Frame grabbers were developed in the early days of machine vision to provide a connection from analog cameras providing NTSC and PAL output signals to minicomputers requiring digital signals placed directly on data buses for digital memory storage.
Even after the switchover to digital cameras there was still a disconnect between digital video outputs and computer-input bus requirements. Something was needed to feed video data streaming from the camera into the computer’s memory. That need was met via a piece of hardware called a frame grabber, which plugged directly into the computer’s motherboard and provided a physical port for connecting the machine vision camera.
At one time many experts thought frame grabbers would be replaced by direct-to-PC-connect cameras. That has not been the case, however. The reason, perhaps most significantly, is that image sensors continue to produce higher resolution images at higher frame and line rates which far exceed the 120 MB/s serial-interface limit.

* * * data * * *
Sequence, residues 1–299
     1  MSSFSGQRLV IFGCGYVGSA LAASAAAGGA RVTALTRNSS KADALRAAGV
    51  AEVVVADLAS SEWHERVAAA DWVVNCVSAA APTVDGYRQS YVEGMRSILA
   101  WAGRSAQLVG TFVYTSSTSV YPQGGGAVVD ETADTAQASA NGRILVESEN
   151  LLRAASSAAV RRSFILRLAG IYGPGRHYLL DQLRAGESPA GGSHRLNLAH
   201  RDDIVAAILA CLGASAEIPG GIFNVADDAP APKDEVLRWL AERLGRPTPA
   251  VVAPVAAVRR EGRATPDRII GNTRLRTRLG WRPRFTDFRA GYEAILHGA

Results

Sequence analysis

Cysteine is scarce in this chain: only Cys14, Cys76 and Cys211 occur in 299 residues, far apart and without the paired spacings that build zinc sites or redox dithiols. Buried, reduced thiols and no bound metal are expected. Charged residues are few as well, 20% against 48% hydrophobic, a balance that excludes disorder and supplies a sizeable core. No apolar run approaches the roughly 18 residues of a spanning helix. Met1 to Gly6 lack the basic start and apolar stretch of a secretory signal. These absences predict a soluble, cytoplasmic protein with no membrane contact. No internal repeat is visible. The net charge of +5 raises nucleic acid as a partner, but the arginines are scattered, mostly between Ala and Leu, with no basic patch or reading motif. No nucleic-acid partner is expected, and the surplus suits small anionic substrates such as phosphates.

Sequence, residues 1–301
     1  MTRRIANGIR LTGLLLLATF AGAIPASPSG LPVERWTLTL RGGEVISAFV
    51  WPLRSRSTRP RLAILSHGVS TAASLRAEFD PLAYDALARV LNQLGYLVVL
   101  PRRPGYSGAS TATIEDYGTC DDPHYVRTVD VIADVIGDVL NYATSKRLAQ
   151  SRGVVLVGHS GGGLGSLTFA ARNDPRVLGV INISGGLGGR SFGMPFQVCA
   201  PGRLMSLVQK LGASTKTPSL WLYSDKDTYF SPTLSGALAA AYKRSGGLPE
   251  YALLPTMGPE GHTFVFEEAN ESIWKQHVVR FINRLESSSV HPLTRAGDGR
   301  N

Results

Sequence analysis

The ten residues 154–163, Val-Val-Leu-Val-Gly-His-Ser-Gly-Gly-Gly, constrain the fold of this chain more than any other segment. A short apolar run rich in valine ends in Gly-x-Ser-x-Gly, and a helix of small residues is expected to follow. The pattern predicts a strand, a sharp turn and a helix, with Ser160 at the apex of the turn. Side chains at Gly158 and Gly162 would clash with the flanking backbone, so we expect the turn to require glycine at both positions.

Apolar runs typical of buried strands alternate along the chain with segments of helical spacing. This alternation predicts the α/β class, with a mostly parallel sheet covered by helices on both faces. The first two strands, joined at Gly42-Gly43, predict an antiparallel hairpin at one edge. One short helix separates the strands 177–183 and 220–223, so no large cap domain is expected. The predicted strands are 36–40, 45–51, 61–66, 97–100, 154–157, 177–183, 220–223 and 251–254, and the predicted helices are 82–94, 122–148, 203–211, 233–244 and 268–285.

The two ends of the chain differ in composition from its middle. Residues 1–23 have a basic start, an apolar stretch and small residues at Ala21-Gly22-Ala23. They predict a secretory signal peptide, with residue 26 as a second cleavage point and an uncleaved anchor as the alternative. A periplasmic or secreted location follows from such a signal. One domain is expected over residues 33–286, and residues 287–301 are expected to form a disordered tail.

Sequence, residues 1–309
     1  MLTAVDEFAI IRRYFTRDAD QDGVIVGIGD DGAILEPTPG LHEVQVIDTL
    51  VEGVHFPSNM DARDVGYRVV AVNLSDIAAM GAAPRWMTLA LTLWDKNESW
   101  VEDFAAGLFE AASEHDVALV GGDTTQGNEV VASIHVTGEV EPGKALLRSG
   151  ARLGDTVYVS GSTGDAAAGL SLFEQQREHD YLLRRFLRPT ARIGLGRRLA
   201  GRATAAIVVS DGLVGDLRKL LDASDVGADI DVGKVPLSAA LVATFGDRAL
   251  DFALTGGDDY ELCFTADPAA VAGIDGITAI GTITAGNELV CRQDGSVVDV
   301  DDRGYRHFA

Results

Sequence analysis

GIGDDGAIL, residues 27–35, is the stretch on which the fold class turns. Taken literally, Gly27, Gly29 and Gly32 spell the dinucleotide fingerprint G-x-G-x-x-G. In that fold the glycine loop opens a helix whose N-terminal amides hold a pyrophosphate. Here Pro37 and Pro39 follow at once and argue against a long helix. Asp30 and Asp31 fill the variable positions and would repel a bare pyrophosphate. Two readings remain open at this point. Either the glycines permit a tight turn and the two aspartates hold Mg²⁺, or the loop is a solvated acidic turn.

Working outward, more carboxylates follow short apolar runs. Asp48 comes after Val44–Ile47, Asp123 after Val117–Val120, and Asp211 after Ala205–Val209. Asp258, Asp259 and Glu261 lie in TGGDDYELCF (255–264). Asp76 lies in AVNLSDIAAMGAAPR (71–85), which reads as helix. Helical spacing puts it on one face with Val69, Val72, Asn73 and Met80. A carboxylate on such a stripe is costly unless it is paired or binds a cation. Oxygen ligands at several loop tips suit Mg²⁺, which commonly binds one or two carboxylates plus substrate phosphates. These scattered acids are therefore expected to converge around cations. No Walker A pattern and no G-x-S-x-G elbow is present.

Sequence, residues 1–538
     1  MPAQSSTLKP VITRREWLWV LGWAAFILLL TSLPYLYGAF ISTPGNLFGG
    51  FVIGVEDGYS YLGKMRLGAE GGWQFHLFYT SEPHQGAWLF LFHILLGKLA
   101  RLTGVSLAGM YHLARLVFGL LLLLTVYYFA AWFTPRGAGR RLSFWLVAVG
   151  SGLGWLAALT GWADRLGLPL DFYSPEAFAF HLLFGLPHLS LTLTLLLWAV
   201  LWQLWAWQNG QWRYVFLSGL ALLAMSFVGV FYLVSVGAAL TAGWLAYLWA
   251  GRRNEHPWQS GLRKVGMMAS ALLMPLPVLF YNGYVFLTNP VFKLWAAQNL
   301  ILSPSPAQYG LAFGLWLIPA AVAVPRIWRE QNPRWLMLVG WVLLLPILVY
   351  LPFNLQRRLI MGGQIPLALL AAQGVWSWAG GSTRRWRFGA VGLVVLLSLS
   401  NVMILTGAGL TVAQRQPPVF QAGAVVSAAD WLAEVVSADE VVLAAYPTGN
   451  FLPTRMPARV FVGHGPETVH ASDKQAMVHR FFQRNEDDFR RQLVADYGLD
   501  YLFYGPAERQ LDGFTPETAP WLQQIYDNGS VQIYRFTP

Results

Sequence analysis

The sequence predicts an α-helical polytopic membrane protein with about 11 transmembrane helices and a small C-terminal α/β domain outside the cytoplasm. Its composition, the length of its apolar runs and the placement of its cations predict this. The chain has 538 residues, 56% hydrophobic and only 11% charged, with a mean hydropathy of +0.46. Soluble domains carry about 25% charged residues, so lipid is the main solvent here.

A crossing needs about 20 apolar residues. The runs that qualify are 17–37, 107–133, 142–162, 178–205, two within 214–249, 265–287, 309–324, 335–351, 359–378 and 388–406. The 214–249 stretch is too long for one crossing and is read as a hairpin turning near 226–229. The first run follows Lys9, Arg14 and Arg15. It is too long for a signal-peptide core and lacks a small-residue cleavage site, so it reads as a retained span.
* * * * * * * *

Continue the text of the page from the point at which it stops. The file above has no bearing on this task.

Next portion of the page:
Cameras with 4 million pixels capable of running at 60 or 120 frames per second are widely available. With increased data rate comes the need to buffer images for processing and the reduction of time available for processing those images, the two tasks that frame grabbers are best adapted to performing.
In addition to buffering images, frame grabbers also offload image-reconstruction and image-enhancement tasks from the host CPU. Frame grabbers can pre-process images for data reduction or add additional details to image data to help reduce processing time.